Explore video and audio recordings with renowned poets

This post was originally published in Nick Glass’ monthly column for Curriculum Connections, an e-newsletter published by School Library Journal in partnership with TeachingBooks.net. Subscribe to this free newsletter here.

When we stop to listen, poetry is all around us: in the rhythms that we walk, in the music that we listen to, in the natural world we experience. Fortunately, National Poetry Month gives us space to make poetry a curricular focus.

This column features video and audio recordings with outstanding poets from TeachingBooks.net’s digital collection. As you and your students listen to such poetic icons as Shel Silverstein and Langston Hughes, and watch Jacqueline WoodsonMary Ann Hoberman, and others discuss and recite poetry, I hope that you will be inspired to read, write, and think about poetry in your classroom.


Shel Silverstein recites “Ickle Me, Pickle Me, Tickle Me Too” from Where the Sidewalk Ends (Harper and Row 1974) in this animated video.





Jacqueline Woodson talks about the writing of haiku, list, and epistle poems, and her book Locomotion (Putnam 2003), in this TeachingBooks.net original movie.





Mary Ann Hoberman reveals how loose change inspired the title poem for All Kinds of Families (Little, Brown 2009), illustrated by Marc Boutavant.





Sharon Creech performs a reader’s theater adaptation of her book Love That Dog (HarperCollins 2001) in collaboration with Walter Dean Myers, Avi, and Sarah Weeks. Incorporate this 14-minute minute, original TeachingBooks.net video into poetry lessons, with tissues on hand.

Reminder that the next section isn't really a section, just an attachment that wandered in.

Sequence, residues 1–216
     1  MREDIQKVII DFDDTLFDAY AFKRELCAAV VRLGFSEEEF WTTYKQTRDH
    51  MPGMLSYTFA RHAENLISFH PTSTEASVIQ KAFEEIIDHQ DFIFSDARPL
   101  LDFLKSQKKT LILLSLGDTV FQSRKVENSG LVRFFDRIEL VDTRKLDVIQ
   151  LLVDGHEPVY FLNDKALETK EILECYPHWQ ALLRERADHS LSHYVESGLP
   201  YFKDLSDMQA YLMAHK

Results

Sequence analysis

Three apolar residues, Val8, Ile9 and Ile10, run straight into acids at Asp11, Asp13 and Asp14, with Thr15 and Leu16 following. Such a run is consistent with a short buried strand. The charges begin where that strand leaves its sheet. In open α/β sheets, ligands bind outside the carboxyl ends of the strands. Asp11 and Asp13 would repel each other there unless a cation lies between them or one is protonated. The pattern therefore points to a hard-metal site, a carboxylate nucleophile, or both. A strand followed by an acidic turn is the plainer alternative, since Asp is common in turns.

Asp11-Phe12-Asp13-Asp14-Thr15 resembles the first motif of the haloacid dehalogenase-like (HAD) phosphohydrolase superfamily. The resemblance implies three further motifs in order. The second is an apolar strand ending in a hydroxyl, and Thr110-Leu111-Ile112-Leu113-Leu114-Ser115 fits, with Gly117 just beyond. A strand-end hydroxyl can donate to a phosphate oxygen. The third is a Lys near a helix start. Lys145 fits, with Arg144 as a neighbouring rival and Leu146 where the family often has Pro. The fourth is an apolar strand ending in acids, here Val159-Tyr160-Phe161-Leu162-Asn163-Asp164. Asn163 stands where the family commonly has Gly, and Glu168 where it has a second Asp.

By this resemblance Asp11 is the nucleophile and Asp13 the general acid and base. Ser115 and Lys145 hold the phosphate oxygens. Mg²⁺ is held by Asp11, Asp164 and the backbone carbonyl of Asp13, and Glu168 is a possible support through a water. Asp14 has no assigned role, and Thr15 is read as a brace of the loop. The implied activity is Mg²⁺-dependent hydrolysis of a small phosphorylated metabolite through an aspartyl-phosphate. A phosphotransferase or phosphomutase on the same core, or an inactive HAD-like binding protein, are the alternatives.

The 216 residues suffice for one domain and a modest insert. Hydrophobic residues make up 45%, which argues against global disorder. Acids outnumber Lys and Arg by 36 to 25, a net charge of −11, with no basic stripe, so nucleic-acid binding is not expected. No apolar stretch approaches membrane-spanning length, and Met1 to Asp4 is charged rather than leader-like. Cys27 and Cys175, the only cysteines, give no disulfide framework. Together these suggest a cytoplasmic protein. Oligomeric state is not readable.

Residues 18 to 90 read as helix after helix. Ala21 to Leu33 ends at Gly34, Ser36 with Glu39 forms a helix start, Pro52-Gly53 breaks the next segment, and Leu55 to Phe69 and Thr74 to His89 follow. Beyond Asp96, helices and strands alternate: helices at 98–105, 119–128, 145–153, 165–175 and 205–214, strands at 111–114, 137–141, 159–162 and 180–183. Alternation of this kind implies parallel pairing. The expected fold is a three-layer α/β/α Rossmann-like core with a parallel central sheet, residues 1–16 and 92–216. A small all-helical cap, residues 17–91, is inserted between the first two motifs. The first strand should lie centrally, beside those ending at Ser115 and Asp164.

Loris Lesynski reviews some of her humorous poetry collections, including I Did It Because—: How a Poem Happens (Annick 2006), illustrated by Michael Martchenko.





Francisco Alarcón shares insight into his bilingual, bicultural, and binational identity in this video. His Spanish/English work includes Angels Ride Bikes and Other Fall Poems (Children’s Book Press 1999), illustrated by Maya Christina Gonzalez.





Langston Hughes recites and shares the inspiration for his famed 1922 poem The Negro Speaks of Rivers in this 1955 audio recording.


Check out our archives of Poetry Friday blog posts!

Posted by Nick Glass, Founder & Executive Director of TeachingBooks.net

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